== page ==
Injectable electronics could form basis for brain implants

An international team has recorded and monitored mouse brain cells with mesh electronics inserted via a syringe

If you've ever wondered whether wearable computers might one day turn into computers that are implanted in our brains, research at Harvard University suggests it's a possibility.

Flexible electronics can be injected directly into brain tissue, allowing for brain cells to be directly monitored and stimulated, according to the researchers from Harvard and China's National Center for Nanoscience and Technology.

The technology could open up new applications in medicine and brain-machine interfaces, which can read thoughts and act upon the external world, such as controlling a wheelchair by thought alone.

Harvard chemist Charles Lieber and collaborators worked with tiny, flexible mesh structures that are made of conductive polymer strands and embedded with transistors and electrodes. The mesh was rolled up, inserted in a syringe measuring 100 micrometers in diameter, and injected into the brain tissue of mice, where it unfurled.

Reporting in a study in the journal Nature Nanotechnology, the researchers said the mesh is mostly porous and can expand to fill biological cavities. It integrated with the brain tissue and the mice did not show significant signs of immune reaction to the material after five weeks.

Extremely thin electrical wires connected to the mesh were connected to external computers so that brain cells in the mice could be recorded and stimulated. But the researchers want to refine the design to make it wireless.

"In the future, our new approach and results could be extended in several directions, including the incorporation of multifunctional electronic devices and/or wireless interfaces to further increase the complexity of the injected electronics," they wrote.

The technology could potentially be developed to treat brain damage from stroke and Parkinson's disease, Lieber said in a Nature.com news article.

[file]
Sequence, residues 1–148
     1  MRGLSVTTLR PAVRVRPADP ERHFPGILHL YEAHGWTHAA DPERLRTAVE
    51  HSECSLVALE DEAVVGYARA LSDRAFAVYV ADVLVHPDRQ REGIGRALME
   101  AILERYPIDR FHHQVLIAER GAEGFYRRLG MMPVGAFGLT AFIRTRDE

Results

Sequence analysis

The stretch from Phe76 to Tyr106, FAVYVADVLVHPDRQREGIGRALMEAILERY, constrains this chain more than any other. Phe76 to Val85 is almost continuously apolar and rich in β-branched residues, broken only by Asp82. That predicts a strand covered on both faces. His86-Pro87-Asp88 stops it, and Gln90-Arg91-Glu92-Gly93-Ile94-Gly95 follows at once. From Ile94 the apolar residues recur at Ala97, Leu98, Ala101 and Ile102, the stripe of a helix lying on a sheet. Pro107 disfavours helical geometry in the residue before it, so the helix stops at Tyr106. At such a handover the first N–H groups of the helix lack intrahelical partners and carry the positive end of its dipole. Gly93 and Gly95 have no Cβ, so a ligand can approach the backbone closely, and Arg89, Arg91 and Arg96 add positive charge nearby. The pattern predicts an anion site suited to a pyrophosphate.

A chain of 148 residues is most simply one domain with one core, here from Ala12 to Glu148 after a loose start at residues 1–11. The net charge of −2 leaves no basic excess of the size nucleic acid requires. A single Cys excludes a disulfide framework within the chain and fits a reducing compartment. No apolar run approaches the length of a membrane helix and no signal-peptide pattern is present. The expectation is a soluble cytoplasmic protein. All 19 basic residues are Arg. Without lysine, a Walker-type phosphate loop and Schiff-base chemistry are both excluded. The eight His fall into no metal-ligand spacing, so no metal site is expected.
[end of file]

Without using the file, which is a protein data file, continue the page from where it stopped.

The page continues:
Researchers across many fields have been working on ways to link brain cells to computers, with engineers at Intel speculating that chips implanted in brains will be used to control computers by 2020.

Last month, researchers at the California Institute of Technology reported that they were able to implant electrodes in the brain of a quadriplegic man so that he could move a robotic arm in a fluid, smooth motion. He was able to shake hands and play rock, paper, scissors with the mechanical appendage.

Tim Hornyak covers Japan and emerging technologies for The IDG News Service. Follow Tim on Twitter at @robotopia.

Join the newsletter!

Or

Sign up to gain exclusive access to email subscriptions, event invitations, competitions, giveaways, and much more.

Membership is free, and your security and privacy remain protected. View our privacy policy before signing up.

Error: Please check your email address.

Tags intelpopular scienceroboticsComponentsharvard universityCalifornia Institute of Technology

Keep up with the latest tech news, reviews and previews by subscribing to the Good Gear Guide newsletter.

Tim Hornyak

IDG News Service
Show Comments

Cool Tech

Toys for Boys

Skywatcher Dobsonian 8″ Collapsible Telescope

Learn more >

Family Friendly

Whodunnit™ Duo-Scope MFL-007 Microscope Kit

Learn more >

Stocking Stuffer

Logitech Ultimate Ears Wonderboom 2 Bluetooth Speaker

Learn more >

Christmas Gift Guide

Click for more ›

Brand Post

Most Popular Reviews

Latest Articles

Resources

PCW Evaluation Team

Tom Sellers

MSI P65

This smart laptop was enjoyable to use and great to work on – creating content was super simple.

Lolita Wang

MSI GT76

It really doesn’t get more “gaming laptop” than this.

Jack Jeffries

MSI GS75

As the Maserati or BMW of laptops, it would fit perfectly in the hands of a professional needing firepower under the hood, sophistication and class on the surface, and gaming prowess (sports mode if you will) in between.

Taylor Carr

MSI PS63

The MSI PS63 is an amazing laptop and I would definitely consider buying one in the future.

Christopher Low

Brother RJ-4230B

This small mobile printer is exactly what I need for invoicing and other jobs such as sending fellow tradesman details or step-by-step instructions that I can easily print off from my phone or the Web.

Aysha Strobbe

Microsoft Office 365/HP Spectre x360

Microsoft Office continues to make a student’s life that little bit easier by offering reliable, easy to use, time-saving functionality, while continuing to develop new features that further enhance what is already a formidable collection of applications

Featured Content

Product Launch Showcase

Don’t have an account? Sign up here

Don't have an account? Sign up now

Forgot password?